|NATIONAL INSTITUTES OF HEALTH||
National Institute of Arthritis and Musculoskeletal and Skin Diseases
|For Immediate Release
Friday, October 15, 1999
Contact: Ray Fleming
Osteoporosis, the major bone-weakening and fracture-causing disease which has long been studied in women, will now undergo major scrutiny in men with the award of a seven-center, $23.8 million grant by the National Institute of Arthritis and Musculoskeletal and Skin Diseases (NIAMS) in partnership with the National Institute on Aging and the National Cancer Institute at the National Institutes of Health (NIH).
The 7-year study, which will enroll and then follow some 5,700 men 65 years and older for an average of 4.5 years, will determine the extent to which the risk of fracture in men is related to bone mass and structure, biochemistry, lifestyle, tendency to fall, and other factors. The study will also try to determine if bone mass is associated with an increased risk of prostate cancer. Such a relationship already exists between high bone mass and breast cancer, another hormonally sensitive condition.
"Although the lifetime risk of older men for fractures of the hip, spine or wrist is considerable, the cause and pathology of osteoporosis in men hasn't received the research attention we'd like," said NIAMS Director Stephen I. Katz, M.D., Ph.D. "We're excited about this major study in men that will plow the same kind of fertile ground which has yielded so much for the health of women."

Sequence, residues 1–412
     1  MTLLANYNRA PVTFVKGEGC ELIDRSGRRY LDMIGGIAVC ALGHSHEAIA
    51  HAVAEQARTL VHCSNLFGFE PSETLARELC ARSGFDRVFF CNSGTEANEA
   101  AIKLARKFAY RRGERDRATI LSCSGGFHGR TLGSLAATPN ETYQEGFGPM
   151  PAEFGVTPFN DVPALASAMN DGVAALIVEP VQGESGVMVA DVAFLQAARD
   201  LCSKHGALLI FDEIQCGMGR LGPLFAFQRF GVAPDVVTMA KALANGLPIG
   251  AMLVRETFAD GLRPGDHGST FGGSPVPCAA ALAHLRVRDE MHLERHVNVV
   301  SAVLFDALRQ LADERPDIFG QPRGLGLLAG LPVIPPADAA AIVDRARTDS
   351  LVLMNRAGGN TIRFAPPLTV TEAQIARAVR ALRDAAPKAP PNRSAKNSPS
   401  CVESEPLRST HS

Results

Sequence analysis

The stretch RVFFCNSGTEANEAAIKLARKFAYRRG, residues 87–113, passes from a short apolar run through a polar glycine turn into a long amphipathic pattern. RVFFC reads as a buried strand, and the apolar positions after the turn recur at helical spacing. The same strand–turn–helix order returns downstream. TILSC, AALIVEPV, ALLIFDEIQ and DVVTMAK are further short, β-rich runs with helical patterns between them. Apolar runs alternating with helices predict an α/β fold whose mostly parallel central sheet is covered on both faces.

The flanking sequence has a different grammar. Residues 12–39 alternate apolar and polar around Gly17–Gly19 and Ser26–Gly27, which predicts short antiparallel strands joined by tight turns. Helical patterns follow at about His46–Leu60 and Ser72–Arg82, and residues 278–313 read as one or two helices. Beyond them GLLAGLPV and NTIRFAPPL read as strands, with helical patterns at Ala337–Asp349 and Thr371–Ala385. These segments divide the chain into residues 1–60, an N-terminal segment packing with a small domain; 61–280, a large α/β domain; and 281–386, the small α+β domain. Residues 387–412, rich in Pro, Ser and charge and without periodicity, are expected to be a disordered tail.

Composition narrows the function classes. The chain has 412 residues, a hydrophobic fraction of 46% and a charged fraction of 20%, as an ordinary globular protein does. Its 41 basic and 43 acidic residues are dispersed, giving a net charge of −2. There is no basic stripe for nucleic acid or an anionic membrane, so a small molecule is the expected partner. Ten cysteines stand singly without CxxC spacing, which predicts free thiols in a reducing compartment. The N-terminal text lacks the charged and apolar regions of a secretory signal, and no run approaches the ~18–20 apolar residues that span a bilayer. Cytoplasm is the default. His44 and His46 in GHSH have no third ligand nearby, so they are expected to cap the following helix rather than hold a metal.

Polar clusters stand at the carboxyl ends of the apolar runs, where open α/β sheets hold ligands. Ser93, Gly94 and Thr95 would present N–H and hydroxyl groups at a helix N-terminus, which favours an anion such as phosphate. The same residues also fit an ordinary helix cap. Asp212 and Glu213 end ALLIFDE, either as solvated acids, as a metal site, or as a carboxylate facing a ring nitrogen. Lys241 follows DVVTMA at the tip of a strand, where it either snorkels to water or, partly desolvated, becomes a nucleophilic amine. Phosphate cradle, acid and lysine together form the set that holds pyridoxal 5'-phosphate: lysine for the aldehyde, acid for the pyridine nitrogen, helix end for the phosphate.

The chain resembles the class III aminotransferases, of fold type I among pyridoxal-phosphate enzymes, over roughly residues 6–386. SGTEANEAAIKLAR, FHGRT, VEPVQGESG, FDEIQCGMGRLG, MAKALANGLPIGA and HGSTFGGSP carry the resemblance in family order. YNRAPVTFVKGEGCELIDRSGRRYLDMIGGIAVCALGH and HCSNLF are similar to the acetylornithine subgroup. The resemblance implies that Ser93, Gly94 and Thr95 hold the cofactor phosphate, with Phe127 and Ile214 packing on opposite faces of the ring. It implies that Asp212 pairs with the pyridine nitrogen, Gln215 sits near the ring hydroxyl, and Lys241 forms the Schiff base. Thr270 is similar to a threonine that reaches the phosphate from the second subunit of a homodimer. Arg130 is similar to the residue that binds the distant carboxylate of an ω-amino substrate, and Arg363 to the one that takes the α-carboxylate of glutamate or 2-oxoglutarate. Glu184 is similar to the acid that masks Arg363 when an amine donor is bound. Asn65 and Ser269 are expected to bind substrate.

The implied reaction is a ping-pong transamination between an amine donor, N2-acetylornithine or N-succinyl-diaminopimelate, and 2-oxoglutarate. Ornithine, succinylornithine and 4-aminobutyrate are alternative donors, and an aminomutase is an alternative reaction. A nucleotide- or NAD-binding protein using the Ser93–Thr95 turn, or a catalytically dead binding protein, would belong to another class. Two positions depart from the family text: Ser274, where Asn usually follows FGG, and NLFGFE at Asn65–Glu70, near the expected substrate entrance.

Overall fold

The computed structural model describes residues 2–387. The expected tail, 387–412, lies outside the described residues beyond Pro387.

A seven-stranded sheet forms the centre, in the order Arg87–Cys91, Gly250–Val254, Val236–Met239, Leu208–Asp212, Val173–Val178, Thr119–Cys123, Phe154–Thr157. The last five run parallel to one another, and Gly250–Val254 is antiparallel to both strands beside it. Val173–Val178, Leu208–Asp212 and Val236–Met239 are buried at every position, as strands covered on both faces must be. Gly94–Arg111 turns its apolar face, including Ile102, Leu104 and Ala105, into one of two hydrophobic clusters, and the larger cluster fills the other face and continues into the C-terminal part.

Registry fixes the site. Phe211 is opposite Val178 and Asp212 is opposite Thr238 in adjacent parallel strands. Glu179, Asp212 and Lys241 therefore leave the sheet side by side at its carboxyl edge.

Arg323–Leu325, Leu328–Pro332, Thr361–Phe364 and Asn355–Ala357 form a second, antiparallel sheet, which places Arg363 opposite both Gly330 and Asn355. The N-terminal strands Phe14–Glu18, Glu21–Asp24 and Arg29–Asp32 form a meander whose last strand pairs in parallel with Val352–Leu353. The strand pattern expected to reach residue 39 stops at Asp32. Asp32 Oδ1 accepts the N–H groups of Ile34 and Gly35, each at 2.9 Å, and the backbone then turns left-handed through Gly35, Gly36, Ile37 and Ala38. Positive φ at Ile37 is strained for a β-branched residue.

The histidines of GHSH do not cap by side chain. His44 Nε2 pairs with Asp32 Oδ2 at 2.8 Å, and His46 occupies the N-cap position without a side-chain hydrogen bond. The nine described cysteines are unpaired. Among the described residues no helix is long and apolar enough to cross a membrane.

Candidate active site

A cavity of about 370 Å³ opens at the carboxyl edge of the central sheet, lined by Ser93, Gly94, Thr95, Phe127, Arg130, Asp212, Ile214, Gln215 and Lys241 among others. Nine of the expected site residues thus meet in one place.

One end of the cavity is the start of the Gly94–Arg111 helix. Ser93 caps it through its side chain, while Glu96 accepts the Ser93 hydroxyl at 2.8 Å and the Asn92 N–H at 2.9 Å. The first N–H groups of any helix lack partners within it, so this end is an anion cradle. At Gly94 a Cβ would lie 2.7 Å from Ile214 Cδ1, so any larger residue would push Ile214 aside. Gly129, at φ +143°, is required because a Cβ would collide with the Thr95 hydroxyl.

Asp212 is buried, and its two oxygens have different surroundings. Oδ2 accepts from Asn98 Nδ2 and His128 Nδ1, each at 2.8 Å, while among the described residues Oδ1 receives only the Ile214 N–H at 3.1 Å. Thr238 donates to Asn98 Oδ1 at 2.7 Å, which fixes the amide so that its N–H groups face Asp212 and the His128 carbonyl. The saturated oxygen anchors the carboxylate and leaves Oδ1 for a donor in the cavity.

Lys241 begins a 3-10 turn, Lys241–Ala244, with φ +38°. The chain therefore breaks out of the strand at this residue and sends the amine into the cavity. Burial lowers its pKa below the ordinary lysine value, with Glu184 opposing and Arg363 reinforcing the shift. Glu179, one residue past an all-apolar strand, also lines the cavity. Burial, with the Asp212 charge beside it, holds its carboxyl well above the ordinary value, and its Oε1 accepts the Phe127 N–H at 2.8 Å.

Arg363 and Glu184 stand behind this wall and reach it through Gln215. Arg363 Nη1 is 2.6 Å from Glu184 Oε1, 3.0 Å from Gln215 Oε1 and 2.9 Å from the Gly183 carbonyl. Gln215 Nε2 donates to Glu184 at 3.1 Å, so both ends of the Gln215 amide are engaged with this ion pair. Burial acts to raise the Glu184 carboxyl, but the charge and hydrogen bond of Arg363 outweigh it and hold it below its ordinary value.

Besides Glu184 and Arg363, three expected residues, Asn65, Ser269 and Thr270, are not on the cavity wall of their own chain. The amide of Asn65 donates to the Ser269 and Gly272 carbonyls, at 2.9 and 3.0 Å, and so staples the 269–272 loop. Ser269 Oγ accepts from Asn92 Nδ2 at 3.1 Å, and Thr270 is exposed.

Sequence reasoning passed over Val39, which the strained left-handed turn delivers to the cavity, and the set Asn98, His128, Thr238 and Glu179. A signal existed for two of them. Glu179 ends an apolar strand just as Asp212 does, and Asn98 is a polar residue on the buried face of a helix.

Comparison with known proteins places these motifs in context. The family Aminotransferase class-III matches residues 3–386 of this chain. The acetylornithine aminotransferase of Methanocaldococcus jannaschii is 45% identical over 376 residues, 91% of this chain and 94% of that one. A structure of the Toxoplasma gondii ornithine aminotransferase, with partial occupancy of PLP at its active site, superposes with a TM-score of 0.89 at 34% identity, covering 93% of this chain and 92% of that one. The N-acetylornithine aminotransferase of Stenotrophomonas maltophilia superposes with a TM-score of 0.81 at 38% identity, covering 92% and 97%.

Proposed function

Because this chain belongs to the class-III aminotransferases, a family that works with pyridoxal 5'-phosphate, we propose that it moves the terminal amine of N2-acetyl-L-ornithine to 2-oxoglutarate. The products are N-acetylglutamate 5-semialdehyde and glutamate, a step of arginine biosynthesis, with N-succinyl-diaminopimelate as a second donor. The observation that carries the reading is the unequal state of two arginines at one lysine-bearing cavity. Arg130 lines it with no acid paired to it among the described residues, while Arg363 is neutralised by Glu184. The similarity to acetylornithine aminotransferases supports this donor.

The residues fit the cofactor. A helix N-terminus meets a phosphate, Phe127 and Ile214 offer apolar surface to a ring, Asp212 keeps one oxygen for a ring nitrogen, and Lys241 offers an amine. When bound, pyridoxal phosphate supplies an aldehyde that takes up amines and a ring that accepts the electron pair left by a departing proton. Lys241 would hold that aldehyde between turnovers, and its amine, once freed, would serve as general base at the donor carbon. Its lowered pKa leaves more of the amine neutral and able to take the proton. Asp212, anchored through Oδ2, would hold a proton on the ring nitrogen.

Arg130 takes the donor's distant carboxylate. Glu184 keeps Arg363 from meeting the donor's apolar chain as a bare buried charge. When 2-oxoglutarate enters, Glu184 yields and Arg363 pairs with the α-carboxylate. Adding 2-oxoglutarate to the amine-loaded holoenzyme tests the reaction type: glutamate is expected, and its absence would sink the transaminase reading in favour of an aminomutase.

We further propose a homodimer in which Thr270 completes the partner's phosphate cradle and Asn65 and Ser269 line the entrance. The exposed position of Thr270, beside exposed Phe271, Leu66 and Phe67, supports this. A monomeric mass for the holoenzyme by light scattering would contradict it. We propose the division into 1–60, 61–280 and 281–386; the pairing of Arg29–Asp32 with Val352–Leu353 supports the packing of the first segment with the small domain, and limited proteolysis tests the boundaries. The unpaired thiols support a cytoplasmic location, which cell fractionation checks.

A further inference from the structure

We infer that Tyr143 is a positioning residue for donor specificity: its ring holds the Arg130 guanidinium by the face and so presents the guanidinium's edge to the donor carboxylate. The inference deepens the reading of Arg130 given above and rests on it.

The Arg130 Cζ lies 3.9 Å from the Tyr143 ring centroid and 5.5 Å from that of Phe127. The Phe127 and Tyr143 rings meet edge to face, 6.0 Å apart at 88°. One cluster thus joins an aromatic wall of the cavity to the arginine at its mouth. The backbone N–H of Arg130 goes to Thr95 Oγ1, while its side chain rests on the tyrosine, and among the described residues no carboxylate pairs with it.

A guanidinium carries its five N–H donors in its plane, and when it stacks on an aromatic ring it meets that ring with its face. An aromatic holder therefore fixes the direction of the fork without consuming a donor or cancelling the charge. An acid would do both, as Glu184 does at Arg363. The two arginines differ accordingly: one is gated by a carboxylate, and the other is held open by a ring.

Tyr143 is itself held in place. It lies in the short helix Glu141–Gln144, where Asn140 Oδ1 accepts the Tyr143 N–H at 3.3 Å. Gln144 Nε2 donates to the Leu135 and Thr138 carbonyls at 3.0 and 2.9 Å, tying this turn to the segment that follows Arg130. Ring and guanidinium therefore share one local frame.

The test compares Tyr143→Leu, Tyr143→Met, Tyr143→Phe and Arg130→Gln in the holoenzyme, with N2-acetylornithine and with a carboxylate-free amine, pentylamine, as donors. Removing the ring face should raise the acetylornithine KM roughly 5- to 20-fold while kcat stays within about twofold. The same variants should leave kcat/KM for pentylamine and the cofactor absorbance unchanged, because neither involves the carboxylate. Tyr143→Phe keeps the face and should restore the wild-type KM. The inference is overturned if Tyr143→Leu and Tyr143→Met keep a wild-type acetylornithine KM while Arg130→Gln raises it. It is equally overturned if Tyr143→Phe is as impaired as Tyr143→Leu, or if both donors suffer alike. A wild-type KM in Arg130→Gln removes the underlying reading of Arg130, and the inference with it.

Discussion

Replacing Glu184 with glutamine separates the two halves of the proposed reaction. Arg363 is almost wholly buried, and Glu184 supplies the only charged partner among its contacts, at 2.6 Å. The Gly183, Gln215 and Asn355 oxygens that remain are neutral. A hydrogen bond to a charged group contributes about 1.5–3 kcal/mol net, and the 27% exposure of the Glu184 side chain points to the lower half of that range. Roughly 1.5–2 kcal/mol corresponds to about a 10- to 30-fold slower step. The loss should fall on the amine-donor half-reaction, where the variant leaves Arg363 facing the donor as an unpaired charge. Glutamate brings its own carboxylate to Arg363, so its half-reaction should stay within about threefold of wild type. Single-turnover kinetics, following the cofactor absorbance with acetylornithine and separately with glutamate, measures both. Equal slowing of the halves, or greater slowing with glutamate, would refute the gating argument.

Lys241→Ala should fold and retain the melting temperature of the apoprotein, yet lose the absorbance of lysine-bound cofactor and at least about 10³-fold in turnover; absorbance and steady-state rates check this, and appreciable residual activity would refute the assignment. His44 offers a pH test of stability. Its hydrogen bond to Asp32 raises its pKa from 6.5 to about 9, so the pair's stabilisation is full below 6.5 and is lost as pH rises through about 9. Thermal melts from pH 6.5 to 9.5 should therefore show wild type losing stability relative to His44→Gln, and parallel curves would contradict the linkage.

The new NIAMS-funded study centers include the University of California at San Francisco and at San Diego; Stanford University (Palo Alto, Calif.); the University of Minnesota, Twin Cities; the University of Alabama at Birmingham; the Oregon Health Sciences University (Portland); and the University of Pittsburgh (Pa.). The grant, whose principal investigator is Eric Orwoll, M.D., at the Oregon Health Sciences University, is the result of a special solicitation for research applications on osteoporosis and fractures in men.
Although American women are four times as likely to develop osteoporosis as men, an estimated one-third of hip fractures worldwide occur in men. In addition, men are now much more likely to live into their eighth and ninth decade than 20 years ago. "As other causes of early mortality in men are reduced," says Joan McGowan, Ph.D., chief of the NIAMS Musculoskeletal Diseases Branch, "there is a need to focus on chronic disabling conditions like osteoporosis that will limit their independence."
Osteoporosis, a major threat for 28 million Americans, is a disease characterized by low bone mass and structural deterioration of bone tissue, leading to bone fragility and an increased susceptibility to fractures — especially of the hip, spine, and wrist. It is the most prevalent of the bone diseases that affect Americans. Men tend to get it about 10 years later in life than women. This difference has been attributed to a higher peak bone mass at maturity and a more gradual reduction in sex steroid influence in aging men.
The mission of the National Institute of Arthritis and Musculoskeletal and Skin Diseases (NIAMS) is to support research into the causes, treatment and prevention of arthritis and musculoskeletal and skin diseases, the training of basic and clinical scientists to carry out this research, and the dissemination of information on research progress in these diseases. For more information about NIAMS, call their information clearinghouse at (301) 495-4484 or visit the NIAMS web site at http://www.niams.nih.gov.
To interview Dr. Orwoll, contact Martin Munguia, media coordinator, Oregon Health Sciences University, Portland, OR 97201; (503) 494-8231.